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Paul Ryan waited until the end of the presidential campaign to bring up religion. Here's what he said on a Value Voters call via NY Times:
Representative Paul D. Ryan accused President Obama on Sunday of taking the country down a path that compromised Judeo-Christian values and the traditions of Western civilization.
The remarks came in a conference call with evangelical Christians, sandwiched between public rallies in which he often spoke of the Romney-Ryan ticket’s promise to bridge partisan divides if elected.
Mr. Ryan’s campaign plane touched down in Colorado late on Sunday, his fourth state in a hectic day of rallies meant to maximize turnout on Election Day, and he spoke by phone to the Faith and Freedom Coalition, a group founded by the conservative Christian strategist Ralph Reed.
“It’s a dangerous path,” Mr. Ryan said, describing Mr. Obama’s policies. “It’s a path that grows government, restricts freedom and liberty and compromises those values, those Judeo-Christian, Western civilization values that made us such a great and exceptional nation in the first place.
Has anyone flip floppped on religious values more than Mitt? These statements are usually out of bounds for candidates to attack each other with, but I imagine the RMoney team is very nervous about tomorrow and are pulling out all the stops no matter how awful. As Digby and Adele Stan say, the Romney/Ryan campaign has been the most racist campaign in recent memory.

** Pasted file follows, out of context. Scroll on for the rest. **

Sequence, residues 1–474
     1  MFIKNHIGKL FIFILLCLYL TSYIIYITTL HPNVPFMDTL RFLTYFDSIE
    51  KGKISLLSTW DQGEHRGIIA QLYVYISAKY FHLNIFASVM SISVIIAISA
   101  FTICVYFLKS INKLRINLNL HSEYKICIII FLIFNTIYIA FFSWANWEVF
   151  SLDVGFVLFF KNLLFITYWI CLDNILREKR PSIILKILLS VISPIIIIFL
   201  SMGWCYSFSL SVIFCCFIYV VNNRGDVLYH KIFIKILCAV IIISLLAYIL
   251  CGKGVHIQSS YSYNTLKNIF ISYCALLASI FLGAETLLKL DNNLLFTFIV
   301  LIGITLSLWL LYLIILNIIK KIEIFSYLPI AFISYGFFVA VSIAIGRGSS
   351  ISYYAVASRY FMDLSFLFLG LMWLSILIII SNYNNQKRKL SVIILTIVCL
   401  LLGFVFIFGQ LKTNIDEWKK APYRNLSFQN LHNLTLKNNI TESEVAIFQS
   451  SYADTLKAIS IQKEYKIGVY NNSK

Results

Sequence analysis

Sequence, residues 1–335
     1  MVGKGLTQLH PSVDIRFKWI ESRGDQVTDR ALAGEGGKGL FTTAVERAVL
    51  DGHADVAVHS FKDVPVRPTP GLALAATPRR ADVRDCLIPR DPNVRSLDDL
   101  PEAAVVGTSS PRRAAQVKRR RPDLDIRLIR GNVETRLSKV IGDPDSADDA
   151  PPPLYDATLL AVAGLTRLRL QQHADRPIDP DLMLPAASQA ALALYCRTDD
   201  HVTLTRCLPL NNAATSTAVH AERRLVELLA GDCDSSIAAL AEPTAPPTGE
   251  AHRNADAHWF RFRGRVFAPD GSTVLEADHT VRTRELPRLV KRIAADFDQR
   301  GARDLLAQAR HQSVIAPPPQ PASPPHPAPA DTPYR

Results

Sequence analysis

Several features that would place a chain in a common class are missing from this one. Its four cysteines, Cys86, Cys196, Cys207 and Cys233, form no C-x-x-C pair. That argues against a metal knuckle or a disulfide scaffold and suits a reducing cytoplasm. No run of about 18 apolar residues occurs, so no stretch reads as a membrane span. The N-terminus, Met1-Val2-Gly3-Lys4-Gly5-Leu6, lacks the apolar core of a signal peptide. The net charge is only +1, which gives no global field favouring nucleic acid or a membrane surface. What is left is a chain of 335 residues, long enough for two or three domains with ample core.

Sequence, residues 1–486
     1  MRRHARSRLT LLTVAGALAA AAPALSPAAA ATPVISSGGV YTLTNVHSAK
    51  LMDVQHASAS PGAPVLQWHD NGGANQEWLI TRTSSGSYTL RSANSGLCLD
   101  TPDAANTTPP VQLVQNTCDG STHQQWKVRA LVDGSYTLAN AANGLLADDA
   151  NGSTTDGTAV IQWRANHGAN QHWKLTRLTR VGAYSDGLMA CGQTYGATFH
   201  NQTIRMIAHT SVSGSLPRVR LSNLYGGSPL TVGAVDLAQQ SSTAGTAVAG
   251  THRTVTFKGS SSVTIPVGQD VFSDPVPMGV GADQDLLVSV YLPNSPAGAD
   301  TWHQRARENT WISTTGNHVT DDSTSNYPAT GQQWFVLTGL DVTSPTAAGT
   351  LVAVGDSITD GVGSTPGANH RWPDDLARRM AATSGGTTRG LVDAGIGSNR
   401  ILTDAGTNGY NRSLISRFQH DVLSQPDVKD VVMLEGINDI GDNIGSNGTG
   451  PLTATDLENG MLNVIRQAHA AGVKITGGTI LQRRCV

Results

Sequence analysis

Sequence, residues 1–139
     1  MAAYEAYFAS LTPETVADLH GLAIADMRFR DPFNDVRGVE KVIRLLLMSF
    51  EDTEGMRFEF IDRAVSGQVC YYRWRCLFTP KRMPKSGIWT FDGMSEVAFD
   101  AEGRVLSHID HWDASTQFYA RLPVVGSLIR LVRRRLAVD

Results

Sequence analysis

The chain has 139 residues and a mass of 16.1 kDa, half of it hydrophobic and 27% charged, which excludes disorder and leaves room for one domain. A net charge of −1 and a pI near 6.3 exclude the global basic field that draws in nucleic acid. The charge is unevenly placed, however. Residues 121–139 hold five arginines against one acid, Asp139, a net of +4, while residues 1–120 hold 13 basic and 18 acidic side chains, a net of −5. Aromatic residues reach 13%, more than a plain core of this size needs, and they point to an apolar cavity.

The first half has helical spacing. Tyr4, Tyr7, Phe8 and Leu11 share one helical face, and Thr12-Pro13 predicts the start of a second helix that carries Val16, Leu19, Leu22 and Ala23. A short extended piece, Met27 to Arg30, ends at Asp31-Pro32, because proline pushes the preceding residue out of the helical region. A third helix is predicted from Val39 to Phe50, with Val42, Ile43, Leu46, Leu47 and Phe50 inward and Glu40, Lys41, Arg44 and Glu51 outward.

Now we turn to this video that has reemerged from 2007 in which Romney is actually forced to discuss his Mormon beliefs.
Mitt Romney has largely avoided discussing the details of his Mormon faith throughout this year’s presidential race, speaking in general terms about his church-related values and charitable deeds. But the revival this week of a testy 2007 interview caught on video offers a reminder of the struggles Romney has confronted as a politician wary of being defined, or confined, by his faith.
The video, which has become an Internet sensation in the closing days of his campaign to unseat President Obama, shows Romney sparring off-air with an Iowa radio talk show host over the tenets and beliefs of Mormonism — including a discussion of abortion and the second coming of Jesus Christ — and scolding the interviewer for bringing it up.
The beltway media has deemed it inappropriate in discussing the arcane beliefs held by the Mormon Church so Mitt has been off the hook explaining what he believes this election which has done a disservice to all Americans. Well, back in 2007 talk show host Jan Mickelson didn't let him off the hook and asks pertinent questions about Romney's flip flopping on his Mormon beliefs. Mitt didn't like it one bit. Romney refuses to discuss his church's views on anything with the bogus talking point that he's running for secular office so go f*&k yourself.